The director of the NSW Centre for Road Safety, Soames Job, said an extra 64 people had been killed to date on the state's roads compared with the same period last year.Dr Job said yesterday speeding had increased as a factor in crashes this year. ''The pattern of crashes suggests that in response to the economic downturn, drivers are working harder, starting earlier and driving faster between appointments to try to maintain their income.
The fascinating thing about this statement is that it is made without any reference to evidence - apart from the number of people killed. This sounds like a wild-arsed theory to me; that the economic downturn is leading to more road deaths.
I'm not sure where he gets the idea of people working harder from, given that a lot of companies have cut back on the hours of their employees in order to cut costs. If anything, drivers should be starting later and working fewer hours than last year.
As for driving faster between appointments - don't make me laugh. The average road speed in Sydney has been falling for years, and I imagine it will be slower again this year than last when the numbers are added up. Road congestion is as bad as it ever was. It's pretty hard to drive faster when you're stick in gridlock that stretches over the horizon. Only yesterday, the newspapers were reporting that frustrated drivers in the north west of Sydney are driving on dividing strips in order to get around endless traffic jams.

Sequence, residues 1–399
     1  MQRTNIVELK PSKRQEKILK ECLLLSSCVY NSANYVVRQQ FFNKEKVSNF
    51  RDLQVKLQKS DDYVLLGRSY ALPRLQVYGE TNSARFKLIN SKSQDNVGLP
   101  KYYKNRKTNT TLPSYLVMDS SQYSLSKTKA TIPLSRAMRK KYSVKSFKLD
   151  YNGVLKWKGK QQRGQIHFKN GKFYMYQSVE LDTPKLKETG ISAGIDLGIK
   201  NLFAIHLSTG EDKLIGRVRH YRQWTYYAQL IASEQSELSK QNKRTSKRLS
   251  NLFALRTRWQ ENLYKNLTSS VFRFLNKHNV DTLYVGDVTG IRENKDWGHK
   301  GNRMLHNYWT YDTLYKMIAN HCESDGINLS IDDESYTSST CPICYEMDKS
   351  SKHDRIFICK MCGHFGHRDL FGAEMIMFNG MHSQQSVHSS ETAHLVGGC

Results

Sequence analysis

There are plenty of possible reasons for why road deaths have gone up, but the reflex action of the road safety industry is to blame speed. I'm surprised it was not accompanied by a call for higher fines, more demerits, lower speed limits and more speed cameras.
Fair call, BOAB. Apart from anything else, Australia's economy is not in recession and unemployment has not been too bad so far.
But if it's true that recessions cause road deaths then we would expect that it would be a fairly simple exercise to show it from previous years of recession. My bet is that if we were to look at fatalites during recessions in the 80s and 90s that there was no corresponding increase in road deaths.
Talk about a long bow. I am surprised he didn't try and blame global warming/climate change (whatever it is called this week).
These alleged "road safety experts" are becoming beyond tiresome. Any excuse to castigate motorists and raise taxes and fines.
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